Tuesday, June 9, 2009

june greenery and the view from our backyard

Thanks to landscaping by our neighbor David Manning who has a business there we get a great view and have a peony in our garden with all the greenery too. Also here the lovely garden of our friend in Westminster (last photo) and the view from our hotel room in PA

Vt. Welcome Center

Loved seeing our friend and painter Susan Bull Riley's show at the VT Welcome Center just south of Brattleboro on Rte. 91.

Beatiful writing and the stars

1.When I read the NY Times editorial page and come to writing by Verlyn Klinkenborg I know it by reading the first sentence that its his writing. Here's a quote from the most recent one, but check him out (you can find about 500 of them on NYTimes/org) and enjoy him.
He's talking here about the "geography of familiarity" and one night coming home from a restaurant getting lost:

"And as I drove, I admired not only the beauty of the night but also the pleasurable sense of being comfortably lost. At last I came to an unfamiliar intersection and made a right. The moment I did so, I knew exactly where I was, and I could feel my sense of being displaced in the night slip away. It was like looking into an unknown sky and seeing the stars suddenly whirl about until they formed the age-old, long-familiar constellations of my childhood. The surprise wasn’t just being reoriented so abruptly. It was also discovering that an unfamiliar world lay a few dozen yards off a road I drive all the time. In a way, the unfamiliarity of that world has been eroded now by driving through it once.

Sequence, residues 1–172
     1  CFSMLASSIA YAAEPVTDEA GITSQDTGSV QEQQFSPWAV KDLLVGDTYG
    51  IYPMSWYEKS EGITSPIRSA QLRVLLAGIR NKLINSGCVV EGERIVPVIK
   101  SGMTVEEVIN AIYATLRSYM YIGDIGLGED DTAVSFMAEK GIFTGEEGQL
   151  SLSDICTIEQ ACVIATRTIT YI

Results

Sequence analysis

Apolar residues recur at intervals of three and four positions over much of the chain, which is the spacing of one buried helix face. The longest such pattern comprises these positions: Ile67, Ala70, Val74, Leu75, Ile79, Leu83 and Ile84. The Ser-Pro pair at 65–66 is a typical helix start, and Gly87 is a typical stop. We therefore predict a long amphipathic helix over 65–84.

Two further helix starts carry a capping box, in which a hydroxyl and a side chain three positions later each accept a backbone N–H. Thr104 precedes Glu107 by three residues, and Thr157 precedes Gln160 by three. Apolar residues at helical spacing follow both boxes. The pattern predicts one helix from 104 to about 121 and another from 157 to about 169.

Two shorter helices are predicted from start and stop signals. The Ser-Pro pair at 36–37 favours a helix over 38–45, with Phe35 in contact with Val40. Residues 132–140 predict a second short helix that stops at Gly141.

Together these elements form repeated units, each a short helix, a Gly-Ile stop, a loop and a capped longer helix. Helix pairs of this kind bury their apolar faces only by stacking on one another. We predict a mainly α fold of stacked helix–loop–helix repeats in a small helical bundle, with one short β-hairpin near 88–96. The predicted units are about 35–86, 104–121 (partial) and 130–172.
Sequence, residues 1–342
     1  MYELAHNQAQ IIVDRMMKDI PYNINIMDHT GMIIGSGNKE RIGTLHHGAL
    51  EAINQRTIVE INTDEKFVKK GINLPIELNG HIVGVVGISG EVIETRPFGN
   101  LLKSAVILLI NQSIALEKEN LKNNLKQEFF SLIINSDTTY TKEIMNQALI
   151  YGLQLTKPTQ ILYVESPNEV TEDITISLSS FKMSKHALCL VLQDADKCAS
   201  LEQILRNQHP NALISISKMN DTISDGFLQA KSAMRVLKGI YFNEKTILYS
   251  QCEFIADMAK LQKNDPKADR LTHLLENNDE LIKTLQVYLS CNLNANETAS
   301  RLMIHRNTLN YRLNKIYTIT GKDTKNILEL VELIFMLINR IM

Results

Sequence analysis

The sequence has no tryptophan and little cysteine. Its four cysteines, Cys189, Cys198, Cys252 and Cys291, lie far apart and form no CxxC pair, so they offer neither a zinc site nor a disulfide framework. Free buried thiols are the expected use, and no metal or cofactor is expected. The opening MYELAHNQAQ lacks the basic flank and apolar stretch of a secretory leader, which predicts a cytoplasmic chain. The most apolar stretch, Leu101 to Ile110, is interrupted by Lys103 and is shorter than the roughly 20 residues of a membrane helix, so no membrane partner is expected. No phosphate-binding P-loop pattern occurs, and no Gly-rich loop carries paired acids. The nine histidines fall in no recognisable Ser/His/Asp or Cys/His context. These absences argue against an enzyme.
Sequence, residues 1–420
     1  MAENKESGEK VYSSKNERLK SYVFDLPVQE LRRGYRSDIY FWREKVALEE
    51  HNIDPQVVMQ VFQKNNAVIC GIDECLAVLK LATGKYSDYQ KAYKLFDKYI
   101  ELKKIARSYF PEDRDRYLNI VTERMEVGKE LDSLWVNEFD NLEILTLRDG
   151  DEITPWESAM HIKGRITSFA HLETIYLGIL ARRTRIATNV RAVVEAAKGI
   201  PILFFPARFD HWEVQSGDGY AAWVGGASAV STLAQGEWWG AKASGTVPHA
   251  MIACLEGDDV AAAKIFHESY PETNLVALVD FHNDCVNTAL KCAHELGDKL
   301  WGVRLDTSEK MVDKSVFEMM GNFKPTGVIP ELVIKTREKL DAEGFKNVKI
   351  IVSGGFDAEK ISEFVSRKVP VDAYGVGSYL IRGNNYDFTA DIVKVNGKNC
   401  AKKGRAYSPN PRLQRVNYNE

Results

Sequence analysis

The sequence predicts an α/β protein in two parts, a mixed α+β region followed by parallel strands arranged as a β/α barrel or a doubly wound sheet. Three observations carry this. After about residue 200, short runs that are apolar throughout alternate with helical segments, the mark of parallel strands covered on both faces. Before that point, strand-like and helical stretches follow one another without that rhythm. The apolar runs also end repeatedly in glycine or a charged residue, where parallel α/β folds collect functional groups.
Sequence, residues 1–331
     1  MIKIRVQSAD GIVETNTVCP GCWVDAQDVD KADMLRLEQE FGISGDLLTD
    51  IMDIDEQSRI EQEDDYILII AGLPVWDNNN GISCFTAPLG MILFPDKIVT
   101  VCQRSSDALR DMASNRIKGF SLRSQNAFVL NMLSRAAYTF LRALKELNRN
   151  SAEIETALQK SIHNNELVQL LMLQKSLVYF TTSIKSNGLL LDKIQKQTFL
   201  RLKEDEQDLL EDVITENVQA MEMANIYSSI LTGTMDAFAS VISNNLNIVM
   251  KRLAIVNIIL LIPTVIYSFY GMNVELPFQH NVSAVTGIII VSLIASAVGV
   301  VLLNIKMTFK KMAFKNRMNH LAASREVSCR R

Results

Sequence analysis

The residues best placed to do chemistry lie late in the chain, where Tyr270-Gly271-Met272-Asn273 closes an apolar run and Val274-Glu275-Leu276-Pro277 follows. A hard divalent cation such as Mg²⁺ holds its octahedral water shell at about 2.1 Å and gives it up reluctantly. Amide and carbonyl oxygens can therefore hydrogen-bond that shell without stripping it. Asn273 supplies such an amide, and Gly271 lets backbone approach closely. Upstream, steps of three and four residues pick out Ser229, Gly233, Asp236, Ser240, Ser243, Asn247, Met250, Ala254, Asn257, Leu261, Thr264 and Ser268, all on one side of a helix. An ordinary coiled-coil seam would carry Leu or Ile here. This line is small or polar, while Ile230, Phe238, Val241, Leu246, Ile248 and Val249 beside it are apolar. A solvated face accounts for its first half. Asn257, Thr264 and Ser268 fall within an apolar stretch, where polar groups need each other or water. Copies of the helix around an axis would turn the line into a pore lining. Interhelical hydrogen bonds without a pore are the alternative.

....home is ultimately a portable concept, something we’ve nearly all discovered for ourselves in our mobile lives. The trick, of course — and it is a hard one to master — is to think of home not as a place we go to or come from, not as something inherent in the world itself, but as a place we carry inside ourselves, a place where we welcome the unfamiliar because we know that as time passes it will become the very bedrock of our being." VERLYN KLINKENBORG

(from http://www.nytimes.com/2009/06/03/opinion/03weds4.html?adxnnl=1&emc=eta1&adxnnlx=1244561376-KCOp/iFmurQK0dIO3QD2Cg)

2. thanks to Pete Sutherland for recommending this graduation speech by environmental activist Paul Hawken in Portland

So I have two questions for you all: First, can you feel your body? Stop for a moment. Feel your body. One septillion activities going on simultaneously, and your body does this so well you are free to ignore it, and wonder instead when this speech will end. You can feel it. It is called life. This is who you are. Second question: who is in charge of your body? Who is managing those molecules? Hopefully not a political party. Life is creating the conditions that are conducive to life inside you, just as in all of nature. Our innate nature is to create the conditions that are conducive to life. What I want you to imagine is that collectively humanity is evincing a deep innate wisdom in coming together to heal the wounds and insults of the past.